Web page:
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United States v. Gutierrez

United States District Court, D. Oregon, Medford Division

January 4, 2018

UNITED STATES OF AMERICA, Plaintiff,
v.
SERGIO SALDIVAR GUTIERREZ, Defendant.

          OPINION & ORDER

          ANN AIKEN UNITED STATES DISTRICT JUDGE.

         The matter comes before the Court on Defendant Sergio Saldivar Gutierrez's Motion to Vacate or Correct Sentence under 28 U.S.C. § 2255, ECF No. 142. The Court finds that this matter appropriate for resolution without a hearing and the motion is DENIED.

         BACKGROUND

         In October 2011, Gutierrez entered a guilty plea to a charge of Felon in Possession of a Firearm in violation of 18 U.S.C. §§ 922(g)(1) and 924(e)(1). ECF No. 69. As part of the plea deal, Gutierrez agreed that he had at least three predicate convictions for violent felonies under the Armed Career Criminal Act ("ACCA"). In November 2011, Senior District Judge Owen M. Panner sentenced Gutierrez to the ACCA mandatory minimum sentence of 180 months.[1] ECF Nos. 92, 93.

         At the time of his plea and sentencing, Gutierrez had the following relevant predicate convictions for purposes of the ACCA:

1. A California conviction for Assault with a Deadly Weapon in violation of Cal. Penal Code § 245(a)(2) in the Los Angeles County Superior Court. Judgment was entered August 30, 1990. Def. Mot. Ex. A, at 11; Plea Pet. 2, ECF No. 73.
2. A California conviction for Attempted Murder in violation of Cal. Penal Code § 664/187(a) and Assault with a Deadly Weapon in violation of Cal. Penal Code § 245(a)(2) in the Los Angeles County Superior Court. Judgment was entered April 15, 1992. Def. Mot. Ex. A, at 12; Plea Pet. 2.
3. A California conviction for Assault with a Deadly Weapon in violation of Cal. Penal Code § 245(a)(1) in the Los Angeles County Superior Court. Judgment was entered May 30, 2000. Def. Mot. Ex. A, at 13; Plea Pet. 2.
4. A California conviction for Assault with a Deadly Weapon in violation of Cal. Penal Code § 245(a)(2) in the Los Angeles County Juvenile Court. Judgment was entered February 27, 1987. Def. Mot. Ex. A, at 10; Plea Pet. 2.

         Gutierrez did not file a direct appeal of his sentence. In 2015, the United State Supreme Court issued its decision in Johnson v. United States, __ U.S. __, 135 S.Ct. 2551 (2015) (Johnson IT), which held that the residual clause of the Armed Career Criminal Act was void for vagueness. In 2016, the Supreme Court held that the Johnson II decision was retroactively applicable to cases on collateral review. Welch v. United States, __U.S.__, 136 S.Ct. 1257, 1268 (2016). This motion followed.

         LEGAL STANDARDS

         Under 28 U.S.C. § 2255, a federal prisoner in custody under sentence may move the court that imposed the sentence to vacate, set aside, or correct the sentence on the ground that:

[T]he sentence was imposed in violation of the Constitution or laws of the United States, or that the court was without jurisdiction to impose such sentence, or that the sentence was in excess of the maximum authorized by law, or is otherwise subject to collateral attack....

28 U.S.C, § 2255(a).

         To warrant relief, a petitioner must demonstrate that the error of constitutional magnitude had a substantial and injurious effect or influence on the guilty plea or the jury's verdict. Brecht v. Abrahamson, 507 U.S. 619, 637 (1993); see also United States v. Montalvo, 331 F.3d 1052, 1058 (9th Cir. 2003) ("We hold now that Brecht's harmless error standard applies to habeas cases under section 2255, just as it does to those under section 2254.").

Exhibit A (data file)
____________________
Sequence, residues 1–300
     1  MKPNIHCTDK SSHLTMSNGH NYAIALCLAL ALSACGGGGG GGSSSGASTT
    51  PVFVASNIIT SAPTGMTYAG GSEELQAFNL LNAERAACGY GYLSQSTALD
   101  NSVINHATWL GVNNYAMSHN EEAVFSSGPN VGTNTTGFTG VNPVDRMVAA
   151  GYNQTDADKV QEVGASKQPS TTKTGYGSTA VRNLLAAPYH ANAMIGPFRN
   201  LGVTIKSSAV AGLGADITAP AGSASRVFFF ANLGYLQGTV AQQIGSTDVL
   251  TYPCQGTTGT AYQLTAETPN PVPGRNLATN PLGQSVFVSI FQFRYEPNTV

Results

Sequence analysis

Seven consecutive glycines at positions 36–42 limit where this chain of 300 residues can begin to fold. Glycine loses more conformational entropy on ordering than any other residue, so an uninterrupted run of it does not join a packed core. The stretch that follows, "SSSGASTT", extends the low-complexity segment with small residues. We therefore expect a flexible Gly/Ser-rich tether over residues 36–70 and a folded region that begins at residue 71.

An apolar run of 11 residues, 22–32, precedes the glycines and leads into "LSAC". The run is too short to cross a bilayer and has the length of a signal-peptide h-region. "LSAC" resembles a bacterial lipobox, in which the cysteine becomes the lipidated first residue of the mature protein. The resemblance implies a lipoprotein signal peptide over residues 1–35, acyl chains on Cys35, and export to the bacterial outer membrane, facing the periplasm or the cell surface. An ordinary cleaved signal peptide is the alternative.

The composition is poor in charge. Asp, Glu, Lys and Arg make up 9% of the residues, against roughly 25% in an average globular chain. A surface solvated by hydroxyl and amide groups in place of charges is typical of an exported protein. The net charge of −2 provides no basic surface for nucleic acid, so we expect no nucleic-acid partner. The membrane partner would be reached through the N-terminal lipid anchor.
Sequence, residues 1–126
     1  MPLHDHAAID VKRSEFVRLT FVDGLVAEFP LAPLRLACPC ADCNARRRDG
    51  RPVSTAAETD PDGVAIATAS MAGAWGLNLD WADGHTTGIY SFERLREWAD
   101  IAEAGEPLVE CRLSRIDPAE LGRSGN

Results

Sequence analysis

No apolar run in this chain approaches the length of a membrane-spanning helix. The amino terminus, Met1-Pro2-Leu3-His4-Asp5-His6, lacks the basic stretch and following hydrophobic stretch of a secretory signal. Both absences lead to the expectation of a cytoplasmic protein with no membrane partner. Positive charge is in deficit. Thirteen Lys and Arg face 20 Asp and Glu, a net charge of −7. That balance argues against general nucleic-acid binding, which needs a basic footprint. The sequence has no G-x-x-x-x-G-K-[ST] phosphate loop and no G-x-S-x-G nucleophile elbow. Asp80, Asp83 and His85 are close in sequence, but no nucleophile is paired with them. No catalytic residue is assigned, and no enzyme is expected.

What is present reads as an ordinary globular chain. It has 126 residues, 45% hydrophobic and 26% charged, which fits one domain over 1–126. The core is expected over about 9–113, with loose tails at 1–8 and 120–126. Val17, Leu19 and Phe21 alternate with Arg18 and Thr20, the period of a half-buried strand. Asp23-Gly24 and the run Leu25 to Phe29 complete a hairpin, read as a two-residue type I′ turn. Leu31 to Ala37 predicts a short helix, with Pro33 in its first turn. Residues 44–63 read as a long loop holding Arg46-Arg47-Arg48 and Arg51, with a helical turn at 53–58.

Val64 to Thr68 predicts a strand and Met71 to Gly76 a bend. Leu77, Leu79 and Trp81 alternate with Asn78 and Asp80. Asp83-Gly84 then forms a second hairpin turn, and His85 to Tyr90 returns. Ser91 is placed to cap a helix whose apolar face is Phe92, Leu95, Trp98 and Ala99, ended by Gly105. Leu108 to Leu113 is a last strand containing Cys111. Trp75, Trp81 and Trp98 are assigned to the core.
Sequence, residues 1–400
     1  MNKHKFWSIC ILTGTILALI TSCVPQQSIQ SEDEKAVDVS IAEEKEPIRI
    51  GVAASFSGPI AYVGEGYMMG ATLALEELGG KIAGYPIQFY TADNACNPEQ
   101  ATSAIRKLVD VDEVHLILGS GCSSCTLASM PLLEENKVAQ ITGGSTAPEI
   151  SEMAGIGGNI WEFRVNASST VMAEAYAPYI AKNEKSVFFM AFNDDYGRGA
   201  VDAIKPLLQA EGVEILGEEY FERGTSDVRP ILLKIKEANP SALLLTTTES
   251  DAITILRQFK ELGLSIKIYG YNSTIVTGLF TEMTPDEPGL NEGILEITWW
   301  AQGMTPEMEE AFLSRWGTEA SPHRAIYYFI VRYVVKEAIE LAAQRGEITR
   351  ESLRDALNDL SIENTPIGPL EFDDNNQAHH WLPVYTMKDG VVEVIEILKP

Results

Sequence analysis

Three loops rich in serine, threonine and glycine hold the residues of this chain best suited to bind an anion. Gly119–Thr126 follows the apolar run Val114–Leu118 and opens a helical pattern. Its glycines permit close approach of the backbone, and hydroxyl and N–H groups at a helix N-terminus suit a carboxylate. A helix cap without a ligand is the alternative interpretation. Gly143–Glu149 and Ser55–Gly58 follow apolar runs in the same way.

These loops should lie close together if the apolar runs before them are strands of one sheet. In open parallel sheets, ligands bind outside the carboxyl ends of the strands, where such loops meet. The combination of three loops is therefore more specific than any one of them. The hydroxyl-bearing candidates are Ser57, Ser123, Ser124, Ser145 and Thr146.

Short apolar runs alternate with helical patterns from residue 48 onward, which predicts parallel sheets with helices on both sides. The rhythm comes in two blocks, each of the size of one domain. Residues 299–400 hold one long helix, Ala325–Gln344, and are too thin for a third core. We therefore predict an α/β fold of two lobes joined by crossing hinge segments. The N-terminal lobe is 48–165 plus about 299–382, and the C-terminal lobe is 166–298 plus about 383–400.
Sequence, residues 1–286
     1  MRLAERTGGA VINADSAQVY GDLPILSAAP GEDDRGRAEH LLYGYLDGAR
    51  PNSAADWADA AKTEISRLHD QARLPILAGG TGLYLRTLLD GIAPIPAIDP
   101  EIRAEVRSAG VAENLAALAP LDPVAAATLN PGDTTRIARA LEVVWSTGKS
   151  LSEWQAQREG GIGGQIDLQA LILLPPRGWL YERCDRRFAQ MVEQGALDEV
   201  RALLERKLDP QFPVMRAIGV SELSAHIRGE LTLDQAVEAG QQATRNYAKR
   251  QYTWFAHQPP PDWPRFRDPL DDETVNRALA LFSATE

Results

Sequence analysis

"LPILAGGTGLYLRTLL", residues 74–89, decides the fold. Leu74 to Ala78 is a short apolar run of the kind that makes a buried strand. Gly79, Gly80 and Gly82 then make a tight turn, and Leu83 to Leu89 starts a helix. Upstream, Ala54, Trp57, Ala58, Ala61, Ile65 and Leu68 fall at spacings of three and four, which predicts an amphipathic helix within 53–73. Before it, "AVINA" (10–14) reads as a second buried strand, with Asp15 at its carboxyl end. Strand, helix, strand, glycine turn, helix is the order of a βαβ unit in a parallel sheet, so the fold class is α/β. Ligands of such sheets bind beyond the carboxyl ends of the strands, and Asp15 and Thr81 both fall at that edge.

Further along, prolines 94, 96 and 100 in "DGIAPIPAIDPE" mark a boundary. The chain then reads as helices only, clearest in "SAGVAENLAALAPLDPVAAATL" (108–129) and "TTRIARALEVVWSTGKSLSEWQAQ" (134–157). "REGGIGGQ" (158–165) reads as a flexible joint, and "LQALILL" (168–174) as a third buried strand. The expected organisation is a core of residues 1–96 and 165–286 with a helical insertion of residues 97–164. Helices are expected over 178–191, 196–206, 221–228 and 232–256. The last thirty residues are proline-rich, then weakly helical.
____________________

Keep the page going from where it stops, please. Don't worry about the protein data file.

A petitioner seeking relief under § 2255 must file his motion within the one-year statute of limitations set forth in § 2255(f), The limitations period runs one year from the latest of four dates: (1) when the judgment of conviction became final; (2) when the impediment to making a motion created by governmental action in violation of the Constitution or laws of the United States is removed, if the movant was prevented from making a motion by such governmental action; (3) when the right asserted is initially recognized by the Supreme Court, if that right has been newly recognized by the Supreme Court and made retroactively applicable to cases on collateral review; and (4) when the facts supporting the claim or claims presented could have been discovered through the exercise of due diligence. 28 U.S.C. § 2255(f).

         Under § 2255, "a district court must grant a hearing to determine the validity of a petition brought under that section, '[u]nless the motions and the files and records of the case conclusively show that the prisoner is entitled to no relief" United States v. Blaylock,20 F.3d 1458, 1465 (9th Cir. 1994) (alteration and emphasis in original) (quoting 28 U.S.C. § 2255). In determining whether a § 2255 motion requires a hearing, "[t]he standard essentially is whether the movant has made specific factual allegations that, if true, state a claim on which relief could be granted." United States v. Withers,638 F.3d 1055, 1062 (9th Cir. 2011) (alteration in original, internal quotation marks and citation omitted). A district court may dismiss a § 2255 motion based on a facial review of the record "only if the allegations in the motion, when viewed against the record, do not give rise to a claim for relief or are 'palpably incredible or patently frivolous.5" Id. at 1062-63 (quoting United ...


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